Proteins are the amino acids which are important for its growth and development. The proteins are estimated by Bradford assay method using BSA (Bovine Serum Albumin) as standard. Using formula (1) the estimation of protein was done.


Catalases are found in plants that help in degradation of Hydrogen per oxide. This activity was measured by reading the absorbance at 240 nm. Catalase is an enzyme that converts hydrogen peroxide to water. This enzyme rapidly destroys a vast majority of H2O2 produced in peroxisomes during photorespiration and formed as a result of mitochondrial electron transport, but it allows low steady state levels to persist presumably to maintain redox signaling pathways [20]. In this work, a slight increase in the CAT activity is observed in humic acid exposed plants than native plants. GW04-BHA exhibited least activity at 0.09 U/mg catalase, GW04-CHA exhibited 0.048 U/mg catalase, GW04- KHA exhibited a specific activity of 0.021 U/mg catalase and GW04-NA exhibited only 0.03 U/mg catalase . Increase of CAT activity is observed in NaCl treated barley roots. CAT has been observed as the major enzyme detoxifying hydrogen peroxide in barley under salt stress [25].
Using formula (3) and (4) the estimation of CAT was evaluated. Table III indicates the Catalase activity was highest for Humic Rooting of 0.09 U/mg catalase and least for commercially available Keradix of 0.021 U/mg catalase. The Coal sample exhibited an enzyme activity of 0.048 U/mg catalase.


Glutathione S Transferase (GST) is an abundant protein in plants that help in cellular metabolism and they were estimated by reading the absorbance at 340 nm for 7 min. The raised GST activity is suggested to be a marker for the enhanced antioxidant activity in HA exposed plants. It is possible that chlorophenols such as CDNB may induce GST directly or indirectly by toxic organic radicals, ROS or through lipid peroxidation. least GST activity is found in GW04-BHA of about 79.28 U/mg GST, GW04-CHA activity was maximum and found to be 582.99 U/mg GST, 564.6 U/mg GST was found in GW04-KHA while GW04-native exhibit a specific activity of 557.21 U/mg GST. [16] noted increased GST activity L. esculentum roots under salinity stress. Using formula (5) and (6) the estimation for GST was carried out.
Table IV showed the GST activity was highest in coal sample of 582.99 U/mg GST than other three samples and least for Humic rooting of 79.28 U/mg GST.


APX has a higher affinity for H2O2 (mM range) than CAT and POD (mM range) and it may have a more crucial role in the management of ROS during stress. APX activity was found to be highest in the commercially available Keradix GW04-KHA of 725.31 U/mg APX followed by coal GW04-CHA of 408.75 U/mg APX. The native plant activity was higher in BHA. It was found to be 620.85 U/mg APX and for native, it was found as 379.38 U/mg APX which is least than all the samples. The findings of [23] suggest that cytosolic APX1 plays a key role in protection of plants to a combination of drought and heat stress. Using Formula 7, estimation of APX was done.
Table V revealed that APX specific activity was highest in Keradix GW04-KHA of 725.31 U/mg APX and least in Native plant of 379.38 U/mg APX.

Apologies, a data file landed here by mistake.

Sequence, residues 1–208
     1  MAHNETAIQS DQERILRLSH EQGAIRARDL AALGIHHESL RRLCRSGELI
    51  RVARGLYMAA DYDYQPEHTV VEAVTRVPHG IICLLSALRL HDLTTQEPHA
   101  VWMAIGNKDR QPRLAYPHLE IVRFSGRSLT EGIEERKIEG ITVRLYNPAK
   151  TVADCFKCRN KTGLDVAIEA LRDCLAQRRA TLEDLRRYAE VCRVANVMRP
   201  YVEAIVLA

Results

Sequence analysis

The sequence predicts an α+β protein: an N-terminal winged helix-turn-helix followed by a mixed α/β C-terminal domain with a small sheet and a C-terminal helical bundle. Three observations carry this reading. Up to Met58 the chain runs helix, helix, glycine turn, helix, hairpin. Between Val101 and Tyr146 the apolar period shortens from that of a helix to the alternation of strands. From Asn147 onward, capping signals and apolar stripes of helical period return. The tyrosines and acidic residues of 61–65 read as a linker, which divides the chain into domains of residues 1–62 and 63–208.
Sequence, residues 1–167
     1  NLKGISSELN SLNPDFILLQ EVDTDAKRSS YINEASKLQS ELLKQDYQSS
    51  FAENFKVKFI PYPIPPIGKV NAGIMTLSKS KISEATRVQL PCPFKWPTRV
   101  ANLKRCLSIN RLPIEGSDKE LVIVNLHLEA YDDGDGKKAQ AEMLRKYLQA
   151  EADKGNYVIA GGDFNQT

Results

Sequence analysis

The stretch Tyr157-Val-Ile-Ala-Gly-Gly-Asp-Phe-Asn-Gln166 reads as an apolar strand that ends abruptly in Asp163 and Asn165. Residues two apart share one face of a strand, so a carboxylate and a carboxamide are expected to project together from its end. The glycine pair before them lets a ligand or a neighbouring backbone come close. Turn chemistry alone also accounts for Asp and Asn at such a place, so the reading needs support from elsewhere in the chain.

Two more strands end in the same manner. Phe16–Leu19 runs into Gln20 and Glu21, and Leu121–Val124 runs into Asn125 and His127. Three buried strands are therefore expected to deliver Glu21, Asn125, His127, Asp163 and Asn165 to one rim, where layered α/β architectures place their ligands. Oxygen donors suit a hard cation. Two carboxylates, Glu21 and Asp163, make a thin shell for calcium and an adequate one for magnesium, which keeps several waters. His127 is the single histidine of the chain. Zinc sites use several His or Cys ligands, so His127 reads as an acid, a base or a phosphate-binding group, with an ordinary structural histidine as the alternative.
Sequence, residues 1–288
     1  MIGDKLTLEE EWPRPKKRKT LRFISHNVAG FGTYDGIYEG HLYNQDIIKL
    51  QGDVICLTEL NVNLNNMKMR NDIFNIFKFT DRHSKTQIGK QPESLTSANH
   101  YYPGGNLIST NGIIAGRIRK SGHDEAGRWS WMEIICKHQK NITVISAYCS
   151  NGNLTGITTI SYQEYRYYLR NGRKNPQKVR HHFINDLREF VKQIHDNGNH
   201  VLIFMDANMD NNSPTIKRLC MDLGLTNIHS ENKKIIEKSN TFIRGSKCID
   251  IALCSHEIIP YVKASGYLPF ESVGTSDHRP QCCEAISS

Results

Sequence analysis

Superoxide anion is one of the most representative free radicals. In cellular oxidation reactions, superoxide radicals have their initial effects magnified as they produce oxidizing agents eg., radi hydroxyl radicals [9].The dosage of the extract is expressed as in μg of dry weight of the extract (compound) per ml of the assay mixture. IC50 value represents the concentration of test extract or compound where the inhibition of test activity reached 50%.The ethanolic extracts of GW04-CHA showed maximum decolourization at 41.34%, GW04-BHA showed maximum inhibition at 35.50%, GW04-KHA gave an inhibition of 35.03% respectively. The values were determined using formula (2).
The SOD activity was found to be inhibited highest in the coal sample of 41.34% than other samples. It was least in Keradix of 35.03%.


The estimation of polyphenols in Humic rooting of native plants, was found to have higest activity of 146.2 μg/ml, the CHA had least activity of 54 μg/ml followed by Commercially available Keradix having 70 μg/ml. BHA of 104μg/ml of polyphenolic activity was estimated. The protein activity was highest in Humic Rooting sample (BHA) of 7 μg/ml followed by Coal and Keradix of 2.65 μg/ml and the least protein activity was found in the KHA of 1.2 μg/ml. The Catalase activity was highest for BHA sample of 0.09 U/mg catalase and least for Keradix (KHA) of 0.021 U/mg catalase. The GST activity was highest in coal sample of 582.99 U/mg GST than other three samples and least for Humic rooting of 79.28 U/mg GST. APX specific activity was highest in Keradix GW04-KHA of 725.31 U/mg APX and least in Native plant of 37938 U/mg APX. The SOD activity was found to be inhibited highest in the coal sample of 41.34% than other sample and was least in Keradix of 35.03%.


The authors record their sincere thanks to the Management and Dr. M. Subbiah, Pricipal of Aringar Anna College (Arts and Science), Krishnagiri, Tamil Nadu, India for their unstinting support rendered towards us. We also extend our gratitude to Dr.V.Ravikumar, Assistant professor, Department of Biochemistry, Bharathidhasan University, Trichy for his valuable suggestions throughout this research work. Last but not least we thank Dr. V. Palani, Managing Director and Mrs. Manasa Satheesh, Director of Genewin Biotech, Hosur for providing necessary laboratory facilities to carry out this work in their DBT certified laboratory.